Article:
Jim Malewitz covers energy for the Tribune. Before arriving, he spent two years covering energy and environmental issues for Stateline, a nonprofit news service in Washington, D.C., where his work also appeared in The Washington Post and Chicago Tribune, among other newspapers. A native of Michigan, Jim has an undergraduate degree from Grinnell College in Iowa, where he played varsity baseball. He also holds a master’s from the University of Iowa, where he helped launch the nonprofit Iowa Center for Public Affairs Journalism. Jim loves tacos and barbecue, making him a good match for Austin’s eating scene. However, he remains on the lookout for great waffles.
If elected to the Railroad Commission, Ryan Sitton will step down as CEO of the oil and gas firm he and his wife founded and place its assets into a blind trust.Full Story
A coalition of Texas lawmakers has endorsed Wayne Christian in the Republican runoff for railroad commissioner.Full Story
A state appeals court has thwarted a challenge to a low-level radioactive waste disposal site in West Texas in a ruling that signals growing difficulties for those trying to scrutinize the decisions of Texas' environmental regulators.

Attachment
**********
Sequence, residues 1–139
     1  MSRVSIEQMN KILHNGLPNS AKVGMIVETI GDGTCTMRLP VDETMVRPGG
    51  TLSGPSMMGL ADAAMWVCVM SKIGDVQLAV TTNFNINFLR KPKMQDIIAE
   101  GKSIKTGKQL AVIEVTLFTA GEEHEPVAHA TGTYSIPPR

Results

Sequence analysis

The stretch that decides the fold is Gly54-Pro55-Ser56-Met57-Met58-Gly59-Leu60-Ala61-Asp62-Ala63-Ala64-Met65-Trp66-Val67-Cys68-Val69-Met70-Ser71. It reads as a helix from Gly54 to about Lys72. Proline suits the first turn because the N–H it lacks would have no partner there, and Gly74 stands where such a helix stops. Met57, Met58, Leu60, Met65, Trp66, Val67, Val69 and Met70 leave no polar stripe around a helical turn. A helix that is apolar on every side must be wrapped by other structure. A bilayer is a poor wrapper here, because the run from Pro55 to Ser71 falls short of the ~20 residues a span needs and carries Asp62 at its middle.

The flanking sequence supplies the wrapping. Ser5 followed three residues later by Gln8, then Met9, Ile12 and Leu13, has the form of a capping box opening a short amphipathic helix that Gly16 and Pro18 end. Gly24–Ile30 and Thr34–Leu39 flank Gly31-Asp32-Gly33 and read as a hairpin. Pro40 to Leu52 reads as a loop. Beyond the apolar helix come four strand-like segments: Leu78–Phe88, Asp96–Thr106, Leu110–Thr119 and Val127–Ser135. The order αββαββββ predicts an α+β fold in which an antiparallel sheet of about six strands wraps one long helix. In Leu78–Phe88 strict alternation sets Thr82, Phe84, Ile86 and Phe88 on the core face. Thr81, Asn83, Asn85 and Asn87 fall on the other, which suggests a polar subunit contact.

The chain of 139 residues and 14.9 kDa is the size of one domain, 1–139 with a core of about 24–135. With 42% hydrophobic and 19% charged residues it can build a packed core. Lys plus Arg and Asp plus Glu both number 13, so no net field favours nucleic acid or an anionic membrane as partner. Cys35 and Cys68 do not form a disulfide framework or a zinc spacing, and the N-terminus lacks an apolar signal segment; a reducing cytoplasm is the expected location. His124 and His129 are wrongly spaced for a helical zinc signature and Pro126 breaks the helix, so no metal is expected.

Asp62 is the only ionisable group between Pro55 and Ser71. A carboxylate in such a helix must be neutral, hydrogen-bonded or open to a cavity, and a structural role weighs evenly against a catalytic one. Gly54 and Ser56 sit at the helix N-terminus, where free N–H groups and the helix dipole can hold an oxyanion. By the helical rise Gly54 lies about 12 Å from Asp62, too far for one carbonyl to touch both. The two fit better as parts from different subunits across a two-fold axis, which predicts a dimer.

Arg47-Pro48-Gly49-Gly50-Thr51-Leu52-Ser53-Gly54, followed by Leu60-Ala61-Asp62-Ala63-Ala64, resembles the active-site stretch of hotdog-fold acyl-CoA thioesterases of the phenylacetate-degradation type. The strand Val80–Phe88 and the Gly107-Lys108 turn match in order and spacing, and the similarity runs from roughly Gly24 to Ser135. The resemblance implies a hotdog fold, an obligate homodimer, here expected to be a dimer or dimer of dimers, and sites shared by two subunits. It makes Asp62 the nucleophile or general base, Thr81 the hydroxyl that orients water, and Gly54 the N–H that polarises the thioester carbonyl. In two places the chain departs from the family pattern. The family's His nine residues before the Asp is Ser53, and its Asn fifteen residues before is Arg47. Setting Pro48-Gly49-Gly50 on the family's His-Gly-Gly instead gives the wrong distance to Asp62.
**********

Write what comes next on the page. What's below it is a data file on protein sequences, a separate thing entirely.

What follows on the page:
Ryan Sitton should fully respond to the ethics questions swirling around his candidacy for a spot on the Railroad Commission, a key state lawmaker says.
As drought grips most of Texas, researchers are combing the state's 1.5 million drilling records to map brackish water in the state's 30 aquifers — hidden resources that could help quench the state’s long-term thirst.Full Story
A former Texas Railroad Commission chairman is helping Ryan Sitton fight back against conflict-of-interest allegations in the Republican primary runoff for an open seat on the commission.Full Story
Also, Texans for Fiscal Responsibility's suit against Murphy Turner & Associates wraps up with an apology.Full Story
UPDATED: A radioactive waste site in West Texas has received its first truckload of transuranic waste from the federal government’s nuclear weapons program, following wildfires and a radiation leak in New Mexico.
The Texas Railroad Commission has hired a seismologist to research the oil and gas industry's ties to the spate of earthquakes that has rattled North Texans.
Oil spills are not uncommon in Texas waterways, particularly along the Gulf Coast, where more than 50 billion gallons of oil are transported each year. But the number of spills has declined in recent years.
Rob Looney, president of the Texas Oil and Gas Association, says he will retire from his post at the end of the year.Full Story